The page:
Global Heterogeneity Belgrade, Horizons, Summer 2018
One of the focal points of my writings has consisted of shedding light on the problem that arises from the heterogeneity of the international (or national) system, and the need for its components to reach agreement on the rules of the game and thus avoid collapsing into hostile blocs—as well as the need for the components of those blocs, the active units, in particular the political ones, to respect them.
Such rules are obviously not built to last eternally, but the structural stability of the system suggests that they may evolve only within the scope of procedures commonly agreed upon. Such principles lie at the root of international law, the efficiency of which is made possible only if perceived as legitimate by the relevant populations.
The heterogeneity I address in the following passages is one of political regimes. It results from an understanding that no state—even a powerful one like the United States—has the right to unilaterally act to bring down a regime of another state. Unfortunately, this principle has been violated many times by the members of the Atlantic Alliance themselves since the fall of the Soviet Union, and we see clearly that U.S. President Donald Trump’s decision to withdraw from the Iran nuclear deal, pushed by the Israeli right and American evangelicals, stems from the ideology of “regime change.” Similarly, in 2004 and again in 2014, a large number of well-meaning Western democrats wanted to favor the birth of “democracy” in Ukraine from the outside, counting on a domino effect in Russia. This was decided despite the fiasco of the “Greater Middle East” ideology of U.S. President George W. Bush. The subsequent response was Russia’s intervention in the Donbass region and the prompt annexation of Crimea.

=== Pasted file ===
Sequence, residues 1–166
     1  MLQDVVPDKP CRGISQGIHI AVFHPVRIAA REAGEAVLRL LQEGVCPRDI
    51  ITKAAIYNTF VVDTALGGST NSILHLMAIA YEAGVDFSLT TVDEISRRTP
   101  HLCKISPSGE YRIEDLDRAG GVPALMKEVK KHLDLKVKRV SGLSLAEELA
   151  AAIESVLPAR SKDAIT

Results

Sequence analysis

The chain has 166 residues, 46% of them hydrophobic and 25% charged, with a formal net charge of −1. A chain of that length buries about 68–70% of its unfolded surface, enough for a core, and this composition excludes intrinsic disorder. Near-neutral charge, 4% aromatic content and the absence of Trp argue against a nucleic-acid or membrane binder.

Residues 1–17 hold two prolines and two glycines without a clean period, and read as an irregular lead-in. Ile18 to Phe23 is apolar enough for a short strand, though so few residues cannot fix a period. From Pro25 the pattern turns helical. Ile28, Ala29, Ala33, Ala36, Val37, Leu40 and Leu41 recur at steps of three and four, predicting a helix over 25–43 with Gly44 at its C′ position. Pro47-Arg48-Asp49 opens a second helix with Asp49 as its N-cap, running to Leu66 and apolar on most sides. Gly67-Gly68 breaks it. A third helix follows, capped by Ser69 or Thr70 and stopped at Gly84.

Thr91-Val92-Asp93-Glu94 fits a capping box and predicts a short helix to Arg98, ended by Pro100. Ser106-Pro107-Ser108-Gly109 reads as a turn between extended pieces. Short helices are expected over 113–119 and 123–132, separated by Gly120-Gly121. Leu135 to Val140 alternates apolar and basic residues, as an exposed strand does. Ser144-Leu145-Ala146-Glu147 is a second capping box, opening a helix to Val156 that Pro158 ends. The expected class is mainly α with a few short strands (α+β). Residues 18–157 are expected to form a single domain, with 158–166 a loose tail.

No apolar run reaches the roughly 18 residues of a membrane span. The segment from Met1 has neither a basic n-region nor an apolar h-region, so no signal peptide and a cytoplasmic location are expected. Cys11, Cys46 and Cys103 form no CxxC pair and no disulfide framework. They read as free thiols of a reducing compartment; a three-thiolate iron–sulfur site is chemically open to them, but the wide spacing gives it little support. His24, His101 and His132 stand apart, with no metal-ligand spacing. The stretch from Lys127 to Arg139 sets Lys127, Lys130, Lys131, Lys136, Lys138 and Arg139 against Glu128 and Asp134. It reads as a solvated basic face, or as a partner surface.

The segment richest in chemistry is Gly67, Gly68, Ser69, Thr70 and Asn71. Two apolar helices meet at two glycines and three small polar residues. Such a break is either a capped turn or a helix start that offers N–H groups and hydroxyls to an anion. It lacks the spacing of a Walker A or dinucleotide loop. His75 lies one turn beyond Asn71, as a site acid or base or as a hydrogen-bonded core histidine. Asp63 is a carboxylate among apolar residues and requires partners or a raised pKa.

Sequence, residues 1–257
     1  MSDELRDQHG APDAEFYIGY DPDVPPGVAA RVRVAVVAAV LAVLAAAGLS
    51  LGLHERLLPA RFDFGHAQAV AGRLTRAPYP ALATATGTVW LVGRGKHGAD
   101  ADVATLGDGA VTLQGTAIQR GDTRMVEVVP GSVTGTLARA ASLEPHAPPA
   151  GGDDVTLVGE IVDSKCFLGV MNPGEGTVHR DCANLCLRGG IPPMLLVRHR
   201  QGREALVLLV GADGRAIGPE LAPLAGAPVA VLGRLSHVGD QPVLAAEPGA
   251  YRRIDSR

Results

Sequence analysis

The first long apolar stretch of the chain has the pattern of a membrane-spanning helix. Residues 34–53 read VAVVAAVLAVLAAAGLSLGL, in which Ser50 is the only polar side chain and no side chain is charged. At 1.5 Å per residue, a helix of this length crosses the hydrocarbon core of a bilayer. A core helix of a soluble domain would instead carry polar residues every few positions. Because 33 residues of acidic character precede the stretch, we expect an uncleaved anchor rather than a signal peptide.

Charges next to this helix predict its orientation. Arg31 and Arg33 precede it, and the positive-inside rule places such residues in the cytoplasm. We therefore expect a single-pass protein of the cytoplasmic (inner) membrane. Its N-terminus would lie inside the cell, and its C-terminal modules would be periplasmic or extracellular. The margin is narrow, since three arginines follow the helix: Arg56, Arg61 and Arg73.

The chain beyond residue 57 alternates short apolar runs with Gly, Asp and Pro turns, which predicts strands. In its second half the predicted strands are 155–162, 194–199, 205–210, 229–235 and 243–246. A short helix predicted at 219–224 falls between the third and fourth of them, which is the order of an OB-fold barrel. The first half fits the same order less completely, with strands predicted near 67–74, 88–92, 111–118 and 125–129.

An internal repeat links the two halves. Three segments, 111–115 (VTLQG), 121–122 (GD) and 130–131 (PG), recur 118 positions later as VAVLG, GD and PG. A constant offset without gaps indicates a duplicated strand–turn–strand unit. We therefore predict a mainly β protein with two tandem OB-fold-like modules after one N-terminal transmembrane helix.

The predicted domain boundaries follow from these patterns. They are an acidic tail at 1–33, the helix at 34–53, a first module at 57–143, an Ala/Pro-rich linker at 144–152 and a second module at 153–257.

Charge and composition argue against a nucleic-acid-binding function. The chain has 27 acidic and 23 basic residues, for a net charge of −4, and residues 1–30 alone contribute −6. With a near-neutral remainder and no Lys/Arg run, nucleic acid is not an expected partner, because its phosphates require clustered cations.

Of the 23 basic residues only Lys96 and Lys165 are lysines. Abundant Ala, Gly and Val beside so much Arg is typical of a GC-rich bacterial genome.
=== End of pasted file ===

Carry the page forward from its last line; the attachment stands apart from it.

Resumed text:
Published in Horizons, Summer 2018
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